The UAE is already a reputed global hub. Its strategic location and well-connected network of airports, ports, roads, and now railways syncs well with BRICS members’ bid to capitalize on the global connectivity agenda, including China’s Belt and Road Initiative. Its NDB membership also ties in well with its membership in other multilateral development banks, thus giving teeth to the UAE’s economic diversification plans.
The BRICS bloc, which would have seven G20 members upon the entry of Saudi Arabia and Argentina, is also discussing a common currency. Though it is unlikely to materialize any time soon, some of the BRICS and newly invited members have already started using their local currencies to conduct trade.
In mid-August, India and the UAE began settling bilateral deals, including crude oil transactions, using their local currencies instead of the U.S. dollar. A few weeks earlier, with little or no U.S. dollar reserves left to repay its International Monetary Fund loans, Argentina made a partial settlement using China’s renminbi.
While these could be seen as de-dollarization moves, financial experts have stressed that such currency switches and diversification help simplify business dealings, reduce currency conversion fees, and even help overcome difficulties borne out of U.S.-imposed sanctions.
Further, the BRICS bloc offers another platform for competing countries, including Saudi Arabia, the UAE, and Iran, which are already OPEC members, to advance their de-escalation bids. Iran is also a full member of the Shanghai Cooperation Organization, while Saudi Arabia and the UAE are dialogue partners. While these moves would seem to undermine U.S. efforts to contain Iran and enhance the importance of non-Western countries in the region, they also offer a template for the United States to follow – by focusing less on ideological and political issues and more on economic diplomacy.
With the expansion of BRICS, there would be three regional powerhouse countries in Africa and two South American countries in the bloc, enabling the UAE to enhance its African and South American strategies, which have gained momentum in recent years. These could be pursued via the South American trade bloc, the Southern Common Market, or Mercosur, and the African Continental Free Trade Area.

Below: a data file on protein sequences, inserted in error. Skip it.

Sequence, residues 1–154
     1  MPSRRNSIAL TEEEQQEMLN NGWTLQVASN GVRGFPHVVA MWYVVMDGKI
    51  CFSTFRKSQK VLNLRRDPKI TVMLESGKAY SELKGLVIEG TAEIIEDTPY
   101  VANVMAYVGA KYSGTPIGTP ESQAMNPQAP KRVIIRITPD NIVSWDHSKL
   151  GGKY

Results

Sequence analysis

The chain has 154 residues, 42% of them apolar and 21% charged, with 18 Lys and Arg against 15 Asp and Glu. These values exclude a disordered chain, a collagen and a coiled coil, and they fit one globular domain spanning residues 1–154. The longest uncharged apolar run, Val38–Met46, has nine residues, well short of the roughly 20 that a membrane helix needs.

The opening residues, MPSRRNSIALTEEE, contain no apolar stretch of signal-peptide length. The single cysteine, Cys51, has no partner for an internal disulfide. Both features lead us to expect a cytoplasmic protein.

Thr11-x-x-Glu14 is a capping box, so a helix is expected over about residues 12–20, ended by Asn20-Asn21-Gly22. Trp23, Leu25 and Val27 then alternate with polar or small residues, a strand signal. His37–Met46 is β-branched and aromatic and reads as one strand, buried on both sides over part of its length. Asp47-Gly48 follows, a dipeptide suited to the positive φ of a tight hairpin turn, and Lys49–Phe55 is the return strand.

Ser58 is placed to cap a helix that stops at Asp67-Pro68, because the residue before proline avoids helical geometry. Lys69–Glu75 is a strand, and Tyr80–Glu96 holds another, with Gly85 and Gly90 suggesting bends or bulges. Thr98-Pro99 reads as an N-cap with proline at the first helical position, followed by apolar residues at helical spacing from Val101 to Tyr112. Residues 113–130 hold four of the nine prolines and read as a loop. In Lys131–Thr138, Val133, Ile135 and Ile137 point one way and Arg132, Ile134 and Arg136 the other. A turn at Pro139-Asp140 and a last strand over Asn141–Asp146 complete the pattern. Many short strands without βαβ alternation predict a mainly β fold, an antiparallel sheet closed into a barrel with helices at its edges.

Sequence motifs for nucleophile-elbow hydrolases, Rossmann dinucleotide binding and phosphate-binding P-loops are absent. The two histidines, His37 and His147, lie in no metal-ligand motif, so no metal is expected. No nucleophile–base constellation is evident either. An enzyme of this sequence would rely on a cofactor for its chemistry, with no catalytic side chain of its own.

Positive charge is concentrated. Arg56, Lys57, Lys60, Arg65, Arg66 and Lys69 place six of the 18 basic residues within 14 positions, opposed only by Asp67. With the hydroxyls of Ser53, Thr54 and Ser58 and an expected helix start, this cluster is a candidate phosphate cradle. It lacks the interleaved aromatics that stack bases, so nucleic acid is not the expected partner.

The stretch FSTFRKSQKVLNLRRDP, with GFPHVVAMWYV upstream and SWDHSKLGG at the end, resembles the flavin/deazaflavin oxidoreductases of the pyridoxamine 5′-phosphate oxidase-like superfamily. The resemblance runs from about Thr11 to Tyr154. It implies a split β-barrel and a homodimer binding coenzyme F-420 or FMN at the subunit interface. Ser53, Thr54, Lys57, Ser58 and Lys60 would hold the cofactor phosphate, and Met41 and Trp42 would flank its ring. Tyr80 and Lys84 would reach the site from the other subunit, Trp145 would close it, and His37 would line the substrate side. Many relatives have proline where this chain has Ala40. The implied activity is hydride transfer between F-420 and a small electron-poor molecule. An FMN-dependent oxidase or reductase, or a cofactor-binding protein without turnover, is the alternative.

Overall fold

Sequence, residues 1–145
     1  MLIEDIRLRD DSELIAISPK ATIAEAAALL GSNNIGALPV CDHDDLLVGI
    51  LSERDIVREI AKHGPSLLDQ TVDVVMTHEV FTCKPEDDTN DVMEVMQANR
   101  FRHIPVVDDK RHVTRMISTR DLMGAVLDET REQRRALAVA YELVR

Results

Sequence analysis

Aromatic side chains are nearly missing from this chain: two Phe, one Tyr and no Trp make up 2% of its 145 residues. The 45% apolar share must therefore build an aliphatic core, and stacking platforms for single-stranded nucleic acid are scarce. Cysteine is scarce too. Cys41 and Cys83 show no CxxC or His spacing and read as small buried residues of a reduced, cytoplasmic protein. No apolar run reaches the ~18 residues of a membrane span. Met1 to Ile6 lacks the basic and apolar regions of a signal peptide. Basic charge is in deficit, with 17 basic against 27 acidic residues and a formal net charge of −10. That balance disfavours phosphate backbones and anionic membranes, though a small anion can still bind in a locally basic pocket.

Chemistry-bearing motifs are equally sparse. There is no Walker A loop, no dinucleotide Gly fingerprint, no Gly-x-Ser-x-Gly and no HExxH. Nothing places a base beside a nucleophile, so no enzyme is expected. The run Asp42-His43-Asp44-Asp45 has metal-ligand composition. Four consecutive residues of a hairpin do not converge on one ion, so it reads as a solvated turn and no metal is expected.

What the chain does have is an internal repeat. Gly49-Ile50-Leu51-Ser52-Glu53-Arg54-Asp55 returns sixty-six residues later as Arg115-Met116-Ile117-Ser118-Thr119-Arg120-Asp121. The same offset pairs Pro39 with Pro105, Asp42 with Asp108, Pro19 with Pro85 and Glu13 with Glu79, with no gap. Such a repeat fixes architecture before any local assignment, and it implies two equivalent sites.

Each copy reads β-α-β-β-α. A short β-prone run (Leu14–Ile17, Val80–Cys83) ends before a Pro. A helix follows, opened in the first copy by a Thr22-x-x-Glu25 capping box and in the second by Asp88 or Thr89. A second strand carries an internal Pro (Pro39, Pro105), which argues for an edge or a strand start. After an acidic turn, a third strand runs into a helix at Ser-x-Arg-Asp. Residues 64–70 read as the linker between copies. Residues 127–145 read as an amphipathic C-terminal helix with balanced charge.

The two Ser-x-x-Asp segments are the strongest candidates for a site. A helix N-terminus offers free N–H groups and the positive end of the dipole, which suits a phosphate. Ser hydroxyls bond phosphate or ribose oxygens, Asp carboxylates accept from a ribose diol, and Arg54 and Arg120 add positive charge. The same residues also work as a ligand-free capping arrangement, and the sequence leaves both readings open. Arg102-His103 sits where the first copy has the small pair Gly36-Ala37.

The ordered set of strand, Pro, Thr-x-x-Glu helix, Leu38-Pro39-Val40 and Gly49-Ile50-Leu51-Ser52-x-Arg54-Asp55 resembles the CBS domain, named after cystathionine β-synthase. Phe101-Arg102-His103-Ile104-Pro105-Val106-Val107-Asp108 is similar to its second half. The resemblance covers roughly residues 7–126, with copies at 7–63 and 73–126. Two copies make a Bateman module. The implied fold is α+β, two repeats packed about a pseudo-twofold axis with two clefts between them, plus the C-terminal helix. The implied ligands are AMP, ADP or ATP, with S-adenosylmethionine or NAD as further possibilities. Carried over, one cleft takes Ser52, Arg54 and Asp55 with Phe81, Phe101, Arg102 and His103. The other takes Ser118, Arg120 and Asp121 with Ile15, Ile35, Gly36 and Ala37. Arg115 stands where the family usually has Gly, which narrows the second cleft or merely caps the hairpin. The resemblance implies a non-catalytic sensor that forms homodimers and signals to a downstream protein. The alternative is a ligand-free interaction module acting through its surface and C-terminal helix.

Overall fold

A few days before the summit, U.S. National Security Advisor Jake Sullivan appeared unfazed by the bloc’s expansion plans. He said that the administration of President Joseph R. Biden Jr. is not anticipating the grouping to evolve into a “geopolitical rival to the United States.” He pointed out that the United States had “strong, positive” relations with three BRICS members – Brazil, India, and South Africa – and will continue to “manage our relationship with China” and “push back on Russia’s aggression.”
It is likely that in Washington’s calculus the expansion of BRICS will not pose a serious challenge. It perhaps doubts the effectiveness of an 11-member multilateral forum even more than the earlier five-member “minilateral” mechanism. But Washington ought to bear in mind that the continued expansion of the new non-Western alternative economic ecosystems reflects the increasing global power shifts that are underway amid a leadership vacuum.
The evolving multipolar world order is unlikely to be conditioned by superpowers as much as they are likely to be conditioned by middle and smaller powers, which prefer multialignment. It would be in the United States’ interest not to view the UAE and other Gulf Arab countries’ new strategies from the prism of competition or as a zero-sum game but as a bridge between the Global South and Global North, especially while dealing with the hotspots in the Middle East, South China Sea, and Europe
is a non-resident fellow at the Arab Gulf States Institute in Washington and director of research and analysis, with expertise on Gulf-Asia relations, at the Anwar Gargash Diplomatic Academy.
the director general of b’huth, which he established with Ahmed Al Mansoori in 2002 in Dubai, UAE.